Phospholipase D δ knock-out mutants are tolerant to severe drought stress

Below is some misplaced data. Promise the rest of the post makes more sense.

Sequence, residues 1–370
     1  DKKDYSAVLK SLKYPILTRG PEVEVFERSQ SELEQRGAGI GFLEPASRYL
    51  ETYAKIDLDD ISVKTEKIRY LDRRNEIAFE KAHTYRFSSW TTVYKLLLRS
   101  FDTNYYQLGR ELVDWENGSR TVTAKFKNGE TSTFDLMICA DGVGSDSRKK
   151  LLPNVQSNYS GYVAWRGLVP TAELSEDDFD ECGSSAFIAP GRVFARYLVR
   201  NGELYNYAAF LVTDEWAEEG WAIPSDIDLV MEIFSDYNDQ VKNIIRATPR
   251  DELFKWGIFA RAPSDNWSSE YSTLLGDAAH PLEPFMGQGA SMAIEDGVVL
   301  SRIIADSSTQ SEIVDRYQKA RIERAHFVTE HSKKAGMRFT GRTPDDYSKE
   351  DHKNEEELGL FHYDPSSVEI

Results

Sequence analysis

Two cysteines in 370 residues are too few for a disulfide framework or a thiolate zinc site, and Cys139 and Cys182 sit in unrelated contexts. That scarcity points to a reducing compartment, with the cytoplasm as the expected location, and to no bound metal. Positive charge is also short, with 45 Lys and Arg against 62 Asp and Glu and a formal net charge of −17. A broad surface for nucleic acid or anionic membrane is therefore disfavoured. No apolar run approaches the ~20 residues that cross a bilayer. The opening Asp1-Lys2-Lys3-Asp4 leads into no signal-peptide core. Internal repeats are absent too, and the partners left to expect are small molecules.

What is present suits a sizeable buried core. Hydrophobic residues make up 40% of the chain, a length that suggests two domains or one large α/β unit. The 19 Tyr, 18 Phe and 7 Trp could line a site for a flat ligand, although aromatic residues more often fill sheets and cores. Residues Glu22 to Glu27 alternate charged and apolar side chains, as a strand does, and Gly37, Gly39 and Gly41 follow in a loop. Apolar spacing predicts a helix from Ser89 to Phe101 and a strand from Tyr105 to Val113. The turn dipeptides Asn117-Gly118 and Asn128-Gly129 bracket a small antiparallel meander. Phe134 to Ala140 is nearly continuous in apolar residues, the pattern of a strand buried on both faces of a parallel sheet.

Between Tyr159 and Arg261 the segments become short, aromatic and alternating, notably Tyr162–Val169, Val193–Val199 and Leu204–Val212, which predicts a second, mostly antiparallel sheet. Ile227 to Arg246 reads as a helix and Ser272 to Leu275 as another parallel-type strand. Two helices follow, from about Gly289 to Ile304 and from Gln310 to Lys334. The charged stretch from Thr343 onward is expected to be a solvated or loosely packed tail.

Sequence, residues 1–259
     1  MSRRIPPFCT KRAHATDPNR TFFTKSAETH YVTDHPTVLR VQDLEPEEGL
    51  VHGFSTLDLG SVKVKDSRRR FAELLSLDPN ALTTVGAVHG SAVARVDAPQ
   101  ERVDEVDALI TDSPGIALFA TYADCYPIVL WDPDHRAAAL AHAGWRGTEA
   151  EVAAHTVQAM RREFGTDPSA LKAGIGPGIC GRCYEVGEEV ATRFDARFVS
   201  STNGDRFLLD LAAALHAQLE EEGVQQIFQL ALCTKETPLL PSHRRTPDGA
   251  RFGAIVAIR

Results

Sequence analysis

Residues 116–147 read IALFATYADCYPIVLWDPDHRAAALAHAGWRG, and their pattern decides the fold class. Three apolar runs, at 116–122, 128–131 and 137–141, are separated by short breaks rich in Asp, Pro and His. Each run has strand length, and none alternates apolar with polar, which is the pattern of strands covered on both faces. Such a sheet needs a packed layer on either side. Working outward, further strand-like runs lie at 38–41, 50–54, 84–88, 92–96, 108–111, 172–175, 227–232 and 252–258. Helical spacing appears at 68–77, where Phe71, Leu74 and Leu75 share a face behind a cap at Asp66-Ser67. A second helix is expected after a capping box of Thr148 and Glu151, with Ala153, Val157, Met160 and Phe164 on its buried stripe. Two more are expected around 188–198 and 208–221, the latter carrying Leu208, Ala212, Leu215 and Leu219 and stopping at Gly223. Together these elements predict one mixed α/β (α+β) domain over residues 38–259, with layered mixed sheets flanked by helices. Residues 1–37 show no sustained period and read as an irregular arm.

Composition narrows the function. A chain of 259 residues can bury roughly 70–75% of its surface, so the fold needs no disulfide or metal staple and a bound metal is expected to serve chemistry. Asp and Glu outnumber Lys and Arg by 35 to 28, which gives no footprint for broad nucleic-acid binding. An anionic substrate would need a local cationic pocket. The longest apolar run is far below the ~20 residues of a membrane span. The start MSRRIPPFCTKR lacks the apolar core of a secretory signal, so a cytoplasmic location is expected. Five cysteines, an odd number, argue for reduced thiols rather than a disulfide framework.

<p>Phospholipase D (PLD) is involved in different plant processes, ranging from responses to abiotic and biotic stress to plant development. Phospholipase Dδ (PLDδ) is activated in dehydration and salt stress, producing the lipid second messenger phosphatidic acid. In this work we show that <i>pld</i>δ Arabidopsis mutants were more tolerant to severe drought than wild-type plants. PLDδ has been shown to be required for ABA regulation of stomatal closure of isolated epidermal peels. However, there was no significant difference in stomatal conductance at the whole plant level between wild-type and <i>pld</i>δ mutants. Since PLD hydrolyses structural phospholipids, then we looked at membrane integrity. Ion leakage measurements showed that during dehydration of leaf discs <i>pld</i>δ mutant has less membrane degradation compared to the wild-type. We further analyzed the mutants and showed that <i>pld</i>δ have higher mRNA levels of <i>RAB18</i> and <i>RD29A</i> compared to wild-type plants under normal growth conditions. Transient expression of AtPLDδ in <i>Nicotiana benthamiana</i> plants induced a wilting phenotype. These findings suggest that, in wt plants PLDδ disrupt membranes in severe drought stress and, in the absence of the protein (PLDδ knock-out) might drought-prime the plants, making them more tolerant to severe drought stress. The results are discussed in relation to PLDδ role in guard cell signaling and drought tolerance.</p>